Inhumation graves of the Niemberger Group from the 5th century AD have been found, for instance, in Zwochau, in North Saxony. A man’s grave was found to contain a long-sword, and a Roman army belt with gold and silver-plate fittings. The long two-handed sword shows that the man was a Germani. He presumably took the army belt back to his Germanic homeland once he’d completed his military service in the Roman army.
In addition to the practise of settling Germanic prisoners of war in areas close to the frontier, the Romans also formed alliances with Germanic tribes. They were then allowed to settle on land within the Roman empire, in exchange for defending it against their own people. These foederati, allies, could rise through the ranks in the Roman army and attain the highest positions. When they returned home, they took Roman objects with them, which where then placed in their graves.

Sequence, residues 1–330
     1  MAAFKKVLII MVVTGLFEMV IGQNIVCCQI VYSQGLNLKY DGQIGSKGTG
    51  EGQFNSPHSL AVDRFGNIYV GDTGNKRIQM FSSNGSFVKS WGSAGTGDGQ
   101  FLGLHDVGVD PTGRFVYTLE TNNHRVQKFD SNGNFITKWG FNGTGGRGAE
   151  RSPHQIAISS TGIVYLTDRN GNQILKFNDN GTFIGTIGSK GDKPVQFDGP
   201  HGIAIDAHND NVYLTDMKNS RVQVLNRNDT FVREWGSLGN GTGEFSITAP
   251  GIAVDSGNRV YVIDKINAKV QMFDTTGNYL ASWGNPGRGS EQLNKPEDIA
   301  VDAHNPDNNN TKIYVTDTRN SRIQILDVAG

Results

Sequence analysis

These Niemberger Group graves were orientated North – South and belong to the 4th century Central German group of inhumation graves. Above all, it is the Princely Tombs of Haßleben-Leuna that distinguish this group: these tombs are remarkable for the enormous quantity of precious metal and Roman imported goods that they contain.